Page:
Show simple item record

dc.contributor.authorTILDEN, SCOTT BRADLEY.en_US
dc.creatorTILDEN, SCOTT BRADLEY.en_US
dc.date.accessioned2011-10-31T18:42:39Z
dc.date.available2011-10-31T18:42:39Z
dc.date.issued1983en_US
dc.identifier.urihttp://hdl.handle.net/10150/187515
dc.description.abstractOptoacoustic spectroscopy is a relatively old technique first described by Alexander Graham Bell in 1881. However, over the intervening years, little use was made of the technique due to its low sensitivity. This was due to low source intensities of available infrared light sources which limited the optoacoustic signal strength. With the advent of laser infrared light sources in the 1960's, there has been a resurgence of interest in optoacoustics. No longer is low source intensity a major limitation to successful optoacoustic spectroscopy. Although adequate infrared light sources are available, the large window background signal observed in all optoacoustic systems has been the major limitation in extending trace gas detection limits to the ppb or sub-ppb level. Similarly, there has been little demonstration of the use of the optoacoustic technique in environments where mixtures of gases are present which have severe spectral overlap. This work will discuss a new windowless cell design that largely eliminates the signal background problem ubiquitous to all presently available optoacoustic cells. New methodologies will be discussed that allow analyses of mixtures to be performed even in cases where spectral overlap is severe. Limitations to both the windowless cell and the various multicomponent analysis strategies are discussed.
dc.language.isoenen_US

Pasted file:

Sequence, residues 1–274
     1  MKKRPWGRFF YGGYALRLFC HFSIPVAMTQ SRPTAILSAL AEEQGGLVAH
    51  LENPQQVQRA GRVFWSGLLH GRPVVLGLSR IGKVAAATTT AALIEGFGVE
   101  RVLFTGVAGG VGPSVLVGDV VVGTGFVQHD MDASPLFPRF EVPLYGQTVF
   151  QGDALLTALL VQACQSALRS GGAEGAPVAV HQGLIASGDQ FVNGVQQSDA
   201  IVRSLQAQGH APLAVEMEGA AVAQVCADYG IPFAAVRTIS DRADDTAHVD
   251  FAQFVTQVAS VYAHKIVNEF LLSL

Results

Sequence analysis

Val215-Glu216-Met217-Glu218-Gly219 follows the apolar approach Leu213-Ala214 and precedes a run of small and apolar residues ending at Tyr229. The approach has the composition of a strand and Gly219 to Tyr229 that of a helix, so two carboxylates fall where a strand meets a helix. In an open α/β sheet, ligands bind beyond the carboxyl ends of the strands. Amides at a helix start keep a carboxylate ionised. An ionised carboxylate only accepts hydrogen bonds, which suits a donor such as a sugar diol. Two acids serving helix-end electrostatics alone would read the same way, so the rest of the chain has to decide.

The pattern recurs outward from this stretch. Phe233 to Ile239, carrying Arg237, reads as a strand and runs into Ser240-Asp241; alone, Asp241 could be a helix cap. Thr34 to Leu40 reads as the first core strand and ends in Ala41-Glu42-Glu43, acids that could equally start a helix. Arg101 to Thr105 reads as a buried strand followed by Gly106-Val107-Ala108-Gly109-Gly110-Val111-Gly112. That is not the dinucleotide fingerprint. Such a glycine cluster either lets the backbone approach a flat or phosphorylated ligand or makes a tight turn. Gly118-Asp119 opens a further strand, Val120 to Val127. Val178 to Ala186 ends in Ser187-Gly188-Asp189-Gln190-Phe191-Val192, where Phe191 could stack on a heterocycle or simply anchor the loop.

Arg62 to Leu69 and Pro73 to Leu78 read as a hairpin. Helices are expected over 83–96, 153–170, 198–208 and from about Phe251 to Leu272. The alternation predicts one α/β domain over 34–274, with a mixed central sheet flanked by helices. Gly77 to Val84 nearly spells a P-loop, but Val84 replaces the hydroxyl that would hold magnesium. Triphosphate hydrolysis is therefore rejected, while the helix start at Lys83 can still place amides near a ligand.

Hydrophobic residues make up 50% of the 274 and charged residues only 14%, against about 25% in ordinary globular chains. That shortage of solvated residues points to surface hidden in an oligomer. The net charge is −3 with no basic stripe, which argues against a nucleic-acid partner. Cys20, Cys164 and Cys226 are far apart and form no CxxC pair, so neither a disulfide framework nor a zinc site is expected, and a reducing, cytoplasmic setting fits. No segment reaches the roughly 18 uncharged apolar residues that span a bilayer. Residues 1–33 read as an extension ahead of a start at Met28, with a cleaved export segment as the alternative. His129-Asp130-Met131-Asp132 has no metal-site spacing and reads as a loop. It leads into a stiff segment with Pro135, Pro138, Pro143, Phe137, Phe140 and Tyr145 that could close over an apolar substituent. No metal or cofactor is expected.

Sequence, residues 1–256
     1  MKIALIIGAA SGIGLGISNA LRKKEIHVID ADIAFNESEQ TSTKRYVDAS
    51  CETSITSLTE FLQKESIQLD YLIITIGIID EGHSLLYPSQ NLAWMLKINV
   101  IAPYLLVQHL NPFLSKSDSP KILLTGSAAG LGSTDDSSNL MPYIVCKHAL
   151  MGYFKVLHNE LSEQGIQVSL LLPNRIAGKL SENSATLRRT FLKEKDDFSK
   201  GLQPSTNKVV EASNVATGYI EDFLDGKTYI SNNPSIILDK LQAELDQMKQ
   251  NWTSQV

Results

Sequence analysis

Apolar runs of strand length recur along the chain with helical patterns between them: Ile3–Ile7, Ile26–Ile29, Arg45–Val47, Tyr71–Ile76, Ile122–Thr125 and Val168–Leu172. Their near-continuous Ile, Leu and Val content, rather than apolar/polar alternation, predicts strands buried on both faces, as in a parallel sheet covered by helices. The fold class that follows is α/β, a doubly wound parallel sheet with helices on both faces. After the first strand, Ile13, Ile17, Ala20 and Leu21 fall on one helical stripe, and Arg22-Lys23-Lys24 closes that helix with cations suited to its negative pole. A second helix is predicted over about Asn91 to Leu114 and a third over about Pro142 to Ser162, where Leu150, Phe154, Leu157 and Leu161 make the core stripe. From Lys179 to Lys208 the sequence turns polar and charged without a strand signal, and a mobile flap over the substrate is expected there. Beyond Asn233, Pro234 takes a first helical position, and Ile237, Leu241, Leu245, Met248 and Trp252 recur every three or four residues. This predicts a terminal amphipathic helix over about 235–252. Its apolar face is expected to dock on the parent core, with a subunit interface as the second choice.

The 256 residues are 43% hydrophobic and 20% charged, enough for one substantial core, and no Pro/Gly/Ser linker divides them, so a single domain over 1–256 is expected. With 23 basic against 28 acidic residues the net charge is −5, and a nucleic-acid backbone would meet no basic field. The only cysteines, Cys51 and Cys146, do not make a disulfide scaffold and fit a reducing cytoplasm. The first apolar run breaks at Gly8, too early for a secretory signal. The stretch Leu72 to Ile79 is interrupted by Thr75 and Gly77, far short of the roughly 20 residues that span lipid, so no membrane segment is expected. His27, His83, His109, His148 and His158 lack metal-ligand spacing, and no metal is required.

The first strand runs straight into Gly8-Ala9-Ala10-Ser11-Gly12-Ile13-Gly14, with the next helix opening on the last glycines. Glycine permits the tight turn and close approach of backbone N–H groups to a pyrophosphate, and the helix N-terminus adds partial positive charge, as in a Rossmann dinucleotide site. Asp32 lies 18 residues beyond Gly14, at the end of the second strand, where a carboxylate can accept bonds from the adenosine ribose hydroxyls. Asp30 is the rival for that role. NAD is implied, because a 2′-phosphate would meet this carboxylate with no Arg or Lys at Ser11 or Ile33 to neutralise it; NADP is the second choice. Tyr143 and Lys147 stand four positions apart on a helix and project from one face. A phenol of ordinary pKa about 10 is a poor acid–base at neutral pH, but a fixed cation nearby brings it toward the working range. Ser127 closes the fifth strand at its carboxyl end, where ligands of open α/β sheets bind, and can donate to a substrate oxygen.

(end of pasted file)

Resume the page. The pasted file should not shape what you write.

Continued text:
dc.publisherThe University of Arizona.en_US
dc.rightsCopyright © is held by the author. Digital access to this material is made possible by the University Libraries, University of Arizona. Further transmission, reproduction or presentation (such as public display or performance) of protected items is prohibited except with permission of the author.en_US
dc.subjectLaser spectroscopy -- Data processing.en_US
dc.subjectOptoacoustic spectroscopy -- Data processing.en_US
dc.subjectTrace elements -- Analysis.en_US
dc.subjectTrace elements -- Spectra.en_US
dc.titleCOMPUTER CONTROLLED LASER OPTOACOUSTIC SPECTROSCOPY FOR TRACE GAS ANALYSIS.en_US
dc.typetexten_US
dc.typeDissertation-Reproduction (electronic)en_US
dc.identifier.oclc690221434en_US
thesis.degree.grantorUniversity of Arizonaen_US
thesis.degree.leveldoctoralen_US
dc.identifier.proquest8401276en_US
thesis.degree.disciplineChemistryen_US
thesis.degree.disciplineGraduate Collegeen_US
thesis.degree.namePh.D.en_US
refterms.dateFOA2018-09-03T12:50:29Z
html.description.abstractOptoacoustic spectroscopy is a relatively old technique first described by Alexander Graham Bell in 1881. However, over the intervening years, little use was made of the technique due to its low sensitivity. This was due to low source intensities of available infrared light sources which limited the optoacoustic signal strength. With the advent of laser infrared light sources in the 1960's, there has been a resurgence of interest in optoacoustics. No longer is low source intensity a major limitation to successful optoacoustic spectroscopy. Although adequate infrared light sources are available, the large window background signal observed in all optoacoustic systems has been the major limitation in extending trace gas detection limits to the ppb or sub-ppb level. Similarly, there has been little demonstration of the use of the optoacoustic technique in environments where mixtures of gases are present which have severe spectral overlap. This work will discuss a new windowless cell design that largely eliminates the signal background problem ubiquitous to all presently available optoacoustic cells. New methodologies will be discussed that allow analyses of mixtures to be performed even in cases where spectral overlap is severe. Limitations to both the windowless cell and the various multicomponent analysis strategies are discussed.


Files in this item

Thumbnail
Name:
azu_td_8401276_sip1_m.pdf
Size:
6.168Mb
Format:
PDF
Description:
azu_td_8401276_sip1_m.pdf

This item appears in the following Collection(s)

Show simple item record